After a prologue in which a heavily pregnant woman is pursued by something in the woods, Enclosure [now retitled Arbor Demon] introduces us to photographer Dana (Fiona Durif) and musician Charles (Kevin Ryan) in the well-appointed suburban home that they have made together. They are very much in love – yet there are tensions in the relationship too. Having quit a successful career as a paramedic, Charles is about to abandon Dana for six months while he goes off touring with the other boys in his band – and he is swift to shut down her attempts at having “a conversation about having a little rockstar”, oblivious to the fact that she is already in the early stages of pregnancy. “We’re not that couple,” Charles says – but what he means is that he is not. Dana has yet to decide whether she is with him on this issue, or against him.
To celebrate their second wedding anniversary, Dana and Charles go camping in the very woods where Charles had first proposed to her – but even when removed from the confines of their normal civilised space, their problems remain, and take on more savage forms. Or as another character will put it later: “Come out to the wilds to get wild.” Their romantic getaway is interrupted by a group of local hunters nearby carousing and shooting their guns in the air (“So masculine”, Dana comments snidely) – but then, during the night, something attacks and kills most of the hunters, and Charles and Dana find themselves holed up in the womb-like enclosure of their tent with injured survivor Sean (Jake Busey).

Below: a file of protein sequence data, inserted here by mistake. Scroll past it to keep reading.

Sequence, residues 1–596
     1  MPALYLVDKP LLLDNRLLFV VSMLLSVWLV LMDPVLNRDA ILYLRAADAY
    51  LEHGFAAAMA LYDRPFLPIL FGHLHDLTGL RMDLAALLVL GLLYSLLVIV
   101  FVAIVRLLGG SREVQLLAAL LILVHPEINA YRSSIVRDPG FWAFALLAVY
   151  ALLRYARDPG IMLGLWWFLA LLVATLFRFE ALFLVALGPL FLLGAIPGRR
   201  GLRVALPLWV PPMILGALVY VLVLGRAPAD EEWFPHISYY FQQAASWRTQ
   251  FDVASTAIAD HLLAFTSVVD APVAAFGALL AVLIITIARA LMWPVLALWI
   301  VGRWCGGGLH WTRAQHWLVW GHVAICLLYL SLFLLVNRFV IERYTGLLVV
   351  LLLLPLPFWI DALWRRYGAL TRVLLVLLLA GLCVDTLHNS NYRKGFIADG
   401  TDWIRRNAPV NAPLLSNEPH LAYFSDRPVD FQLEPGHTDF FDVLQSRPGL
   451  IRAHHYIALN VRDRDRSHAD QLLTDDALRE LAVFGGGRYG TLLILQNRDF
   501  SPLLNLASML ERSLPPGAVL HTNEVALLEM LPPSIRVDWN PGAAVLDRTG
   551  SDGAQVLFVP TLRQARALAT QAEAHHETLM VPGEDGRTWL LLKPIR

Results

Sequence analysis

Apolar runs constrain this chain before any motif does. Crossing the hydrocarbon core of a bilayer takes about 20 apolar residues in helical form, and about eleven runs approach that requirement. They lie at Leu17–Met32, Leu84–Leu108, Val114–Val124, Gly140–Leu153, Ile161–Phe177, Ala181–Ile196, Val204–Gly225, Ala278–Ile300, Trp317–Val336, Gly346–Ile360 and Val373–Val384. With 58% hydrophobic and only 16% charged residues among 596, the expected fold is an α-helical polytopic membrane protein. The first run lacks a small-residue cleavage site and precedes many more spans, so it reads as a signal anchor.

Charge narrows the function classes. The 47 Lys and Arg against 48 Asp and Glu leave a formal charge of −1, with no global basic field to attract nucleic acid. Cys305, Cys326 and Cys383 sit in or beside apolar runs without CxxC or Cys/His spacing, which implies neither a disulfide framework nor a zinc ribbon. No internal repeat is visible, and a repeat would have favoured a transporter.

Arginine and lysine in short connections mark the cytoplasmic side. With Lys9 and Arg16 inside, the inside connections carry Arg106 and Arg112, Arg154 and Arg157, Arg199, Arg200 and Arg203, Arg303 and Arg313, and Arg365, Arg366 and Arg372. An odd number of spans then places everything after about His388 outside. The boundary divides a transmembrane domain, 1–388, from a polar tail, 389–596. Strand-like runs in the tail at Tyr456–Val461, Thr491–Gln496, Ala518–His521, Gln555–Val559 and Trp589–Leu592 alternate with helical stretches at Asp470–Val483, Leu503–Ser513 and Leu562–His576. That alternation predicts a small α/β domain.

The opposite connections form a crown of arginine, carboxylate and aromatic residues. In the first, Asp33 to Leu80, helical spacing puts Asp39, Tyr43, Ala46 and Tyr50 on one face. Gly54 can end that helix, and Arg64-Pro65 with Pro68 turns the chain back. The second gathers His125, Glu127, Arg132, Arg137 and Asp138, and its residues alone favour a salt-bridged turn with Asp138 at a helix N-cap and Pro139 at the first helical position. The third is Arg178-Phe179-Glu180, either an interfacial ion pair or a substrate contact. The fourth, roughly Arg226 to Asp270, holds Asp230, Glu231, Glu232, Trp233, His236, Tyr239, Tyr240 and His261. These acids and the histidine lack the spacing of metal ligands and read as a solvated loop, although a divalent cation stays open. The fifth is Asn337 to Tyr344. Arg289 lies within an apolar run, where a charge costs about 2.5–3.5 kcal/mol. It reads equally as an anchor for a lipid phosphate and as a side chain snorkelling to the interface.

Patrick Rea’s Enclosure, co-written with Michelle Davidson (who acted in Rea’s previous feature Nailbiter), pitches all its principal themes in its first few scenes, and then allows them to settle and evolve in ways that, though unexpected, remain true to (genre) form – before finally letting the seeds of male domination engender a new monstrous feminine. For if at first, as this couple is trapped and terrified together in their tent, the film plays out something like the second half of Bobcat Goldthwait’s Willow Creek (2013), by the end it is more like Lucky McKee’s The Woman (2011) – wherein the sexes also confront each other in the borderlands between civilisation and the wilderness. If Dana comes from a patriarchal tradition where her husband calls the shots, she finishes up in a place closer to (her) nature. And so what starts as a bog-standard creature feature gestates into a hybrid feminist horror whose many trees have no place for wood.
© Anton Bitel